Re: OT: What is your qualia of consciousness / thought? (WAS: does conlanging change your sense of reality?)
|Date:||Friday, April 3, 2009, 20:19|
On the verbal/non-verbal aspects of consciousness, this short lecture by
neuroanatomist Jill Bolte Tayor describes her experience of stroke and the
relation between the two modalities.
On Fri, Apr 3, 2009 at 3:23 PM, Jim Henry <jimhenry1973@...> wrote:
> On Fri, Apr 3, 2009 at 12:59 PM, Sai Emrys <sai@...> wrote:
> > IME talking with people, there are several different kinds of
> > perceptions of what it is *like* to think or just to be conscious.
> This is one of the things I have been planning to ask people
> about in my follow-up conlang fluency survey (another dozen
> or so questions to be sent to those who answered yes to
> one or more of the fluency questions on my first survey).
> It's been on my mind a lot lately since I started analyzing
> the results of the first phase of the survey; some people,
> in responses to questions about whether they sometimes
> think spontaneously in their conlang, or dream in it,
> said that they think, or dream, nonverbally.
> I've asked several friends about this recently. Mostly they
> report that theyperceive their thoughts to be a mix, sometimes a verbal
> monologue and sometimes visual or otherwise nonverbal.
> > The most common one seems to be an 'inner verbal monologue'. That is,
> > there is a sense of oneself as talking about stuff, and that talking
> > *is* the consciousness. E.g. you'll think out a problem by talking it
> > out in your head; have a running commentary about what others are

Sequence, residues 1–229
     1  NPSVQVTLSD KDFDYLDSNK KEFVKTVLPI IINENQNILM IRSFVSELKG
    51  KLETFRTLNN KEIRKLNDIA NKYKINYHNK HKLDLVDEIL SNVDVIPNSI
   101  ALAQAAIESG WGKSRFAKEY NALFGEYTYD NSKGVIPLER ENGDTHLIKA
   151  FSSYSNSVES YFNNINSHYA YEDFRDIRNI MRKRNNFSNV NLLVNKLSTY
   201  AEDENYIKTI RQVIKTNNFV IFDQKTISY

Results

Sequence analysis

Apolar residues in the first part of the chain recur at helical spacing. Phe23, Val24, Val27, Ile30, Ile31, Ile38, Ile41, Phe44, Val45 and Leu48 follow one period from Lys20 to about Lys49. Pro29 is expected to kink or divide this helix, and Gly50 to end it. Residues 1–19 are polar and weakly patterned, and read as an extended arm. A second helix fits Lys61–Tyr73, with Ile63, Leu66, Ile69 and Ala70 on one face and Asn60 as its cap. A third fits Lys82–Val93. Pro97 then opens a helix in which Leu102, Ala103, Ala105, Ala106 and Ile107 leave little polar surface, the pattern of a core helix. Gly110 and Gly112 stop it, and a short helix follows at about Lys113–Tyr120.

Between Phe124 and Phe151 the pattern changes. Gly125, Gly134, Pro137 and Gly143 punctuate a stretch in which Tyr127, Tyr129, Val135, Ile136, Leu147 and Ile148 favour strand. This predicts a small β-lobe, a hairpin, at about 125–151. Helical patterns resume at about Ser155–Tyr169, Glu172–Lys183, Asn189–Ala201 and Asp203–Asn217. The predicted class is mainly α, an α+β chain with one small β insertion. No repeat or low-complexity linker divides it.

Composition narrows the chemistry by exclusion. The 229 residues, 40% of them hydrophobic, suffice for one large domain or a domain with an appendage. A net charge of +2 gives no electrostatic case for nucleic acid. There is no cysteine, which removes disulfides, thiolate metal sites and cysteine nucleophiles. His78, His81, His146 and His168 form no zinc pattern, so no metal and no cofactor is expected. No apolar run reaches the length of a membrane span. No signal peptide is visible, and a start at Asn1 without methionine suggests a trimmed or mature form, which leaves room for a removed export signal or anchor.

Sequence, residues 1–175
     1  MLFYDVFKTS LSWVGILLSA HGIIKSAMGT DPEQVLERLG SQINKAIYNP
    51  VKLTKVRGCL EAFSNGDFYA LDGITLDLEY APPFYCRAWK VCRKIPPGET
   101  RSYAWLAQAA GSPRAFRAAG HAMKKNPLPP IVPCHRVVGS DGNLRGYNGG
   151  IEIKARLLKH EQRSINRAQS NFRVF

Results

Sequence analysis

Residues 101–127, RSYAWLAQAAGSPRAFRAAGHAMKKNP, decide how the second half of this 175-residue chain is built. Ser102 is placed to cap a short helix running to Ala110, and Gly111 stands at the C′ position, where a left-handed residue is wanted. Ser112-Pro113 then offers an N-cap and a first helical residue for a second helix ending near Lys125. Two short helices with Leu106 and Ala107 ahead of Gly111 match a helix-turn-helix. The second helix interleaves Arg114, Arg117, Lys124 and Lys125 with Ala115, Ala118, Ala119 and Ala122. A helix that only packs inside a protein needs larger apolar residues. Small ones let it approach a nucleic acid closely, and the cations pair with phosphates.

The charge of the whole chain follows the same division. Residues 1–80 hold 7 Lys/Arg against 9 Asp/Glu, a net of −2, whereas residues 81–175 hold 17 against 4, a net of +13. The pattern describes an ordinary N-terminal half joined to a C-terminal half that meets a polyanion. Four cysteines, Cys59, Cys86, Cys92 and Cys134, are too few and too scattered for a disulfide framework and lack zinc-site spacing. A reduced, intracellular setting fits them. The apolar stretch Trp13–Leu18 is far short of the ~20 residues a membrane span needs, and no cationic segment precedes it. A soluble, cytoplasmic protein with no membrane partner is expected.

> > saying or doing; what others might think of you; etc etc.
> This is what my thinking feels like most of the time -- probably
> most often in Engllish, pretty often in Esperanto, sometimes
> in toki pona or gjâ-zym-byn. A possibly unusual feature of
> my inner monologue (or dialogue?) is that it sometimes has
> actual dialogue tags, e.g. "he said", "he asked"... I think
> that only happens when I'm thinking in English (in which I've
> read far more narrative fiction than in other languages).
> > Less common and less easily described, there are:
> > * other linguistic-monologue kinds of thought:
> > - textual thought, which is essentially the same as an inner verbal
> > monologue except that it's not-quite-visual text (somewhat like a
> > 'typewriter' display effect) rather than psuedo-verbal speech (I've
> > only met one person who has this)
> I occasionally get this, but usually as an "echo" of what I'm
> verbally thinking, not by itself. I think it happens more often
> with Esperanto and other languages where I spend more time
> reading the language than conversing in it.
> > * visualistic thought (which I don't really understand, but seems
> Most of my thought that isn't verbal takes this form: e.g. my
> plans about what I'm going to do or where I'm going to go
> may take the form of visually imagining myself doing various
> things, or of a kind of map of where I expect to be travelling,
> with little verbal or textual echoes here and there that don't
> really carry the main burden of thought.
> There is also musical thought, which seems to be useful
> only for composing music, as far as I can tell.
> > I'd like at some point to do research on the neural correlates of
> > these different qualia, see if they could be messed with (eg cause
> > someone to have a different type of conscious experience), and see if
> > they correlate well with changes created by meditation*. I may
> I've tried doing some of this at times -- deflecting my thoughts
> on certain subjects from their default verbal paths into more
> textual or visual paths instead -- with very limited success.
> A few years ago I had a conversation with some friends about
> how we count things silently to ourselves -- do we think verbally
> with the names of numbers, or textually with arabic numerals,
> or visually with arrays of dots or other mathematical objects
> corresponding to the numbers...? Most of us counted verbally,
> but IIRC the ones who counted textually, visualising arabic numerals,
> counted faster. I tried for while after that to count with textual
> instead of verbal, and could sometimes do so when
> deliberately thinking about it, but it never became my default
> mode (though I sometimes count spontanteously with numeral
> words in Esperanto or gjâ-zym-byn rather than English).
> Jim Henry